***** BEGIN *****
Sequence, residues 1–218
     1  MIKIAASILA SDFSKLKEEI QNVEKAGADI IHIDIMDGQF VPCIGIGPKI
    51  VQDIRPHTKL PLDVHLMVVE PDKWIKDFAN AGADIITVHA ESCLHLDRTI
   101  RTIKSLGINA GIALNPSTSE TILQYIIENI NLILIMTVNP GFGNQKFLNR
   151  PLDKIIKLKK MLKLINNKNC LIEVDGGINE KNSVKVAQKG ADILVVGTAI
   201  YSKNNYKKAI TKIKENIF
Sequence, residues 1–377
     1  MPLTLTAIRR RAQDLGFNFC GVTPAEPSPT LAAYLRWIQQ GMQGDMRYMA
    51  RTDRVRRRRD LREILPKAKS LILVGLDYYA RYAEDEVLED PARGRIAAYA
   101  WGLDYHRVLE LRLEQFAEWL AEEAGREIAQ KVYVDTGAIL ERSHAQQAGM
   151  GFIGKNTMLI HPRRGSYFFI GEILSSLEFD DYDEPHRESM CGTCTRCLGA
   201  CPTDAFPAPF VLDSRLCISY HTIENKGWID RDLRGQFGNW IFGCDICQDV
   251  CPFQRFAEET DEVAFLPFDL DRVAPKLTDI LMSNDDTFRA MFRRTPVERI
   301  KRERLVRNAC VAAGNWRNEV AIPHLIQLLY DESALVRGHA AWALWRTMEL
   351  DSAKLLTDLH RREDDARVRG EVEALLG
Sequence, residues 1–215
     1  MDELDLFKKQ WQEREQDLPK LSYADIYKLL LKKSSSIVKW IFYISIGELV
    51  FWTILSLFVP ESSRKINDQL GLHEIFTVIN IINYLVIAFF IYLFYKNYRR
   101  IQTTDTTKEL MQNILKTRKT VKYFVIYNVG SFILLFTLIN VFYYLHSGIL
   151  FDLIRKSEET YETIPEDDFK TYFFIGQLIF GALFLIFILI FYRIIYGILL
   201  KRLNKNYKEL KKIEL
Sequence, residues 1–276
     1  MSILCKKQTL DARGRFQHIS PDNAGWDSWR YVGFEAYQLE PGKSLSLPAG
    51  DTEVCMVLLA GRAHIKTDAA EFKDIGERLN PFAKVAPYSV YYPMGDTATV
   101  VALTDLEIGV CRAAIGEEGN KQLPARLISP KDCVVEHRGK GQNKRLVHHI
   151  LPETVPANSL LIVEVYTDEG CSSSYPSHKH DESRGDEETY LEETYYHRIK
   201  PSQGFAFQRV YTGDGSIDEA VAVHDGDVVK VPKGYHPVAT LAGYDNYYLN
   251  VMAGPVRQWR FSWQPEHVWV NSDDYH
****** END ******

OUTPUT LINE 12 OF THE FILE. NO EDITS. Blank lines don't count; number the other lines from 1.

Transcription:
   201  CPTDAFPAPF VLDSRLCISY HTIENKGWID RDLRGQFGNW IFGCDICQDV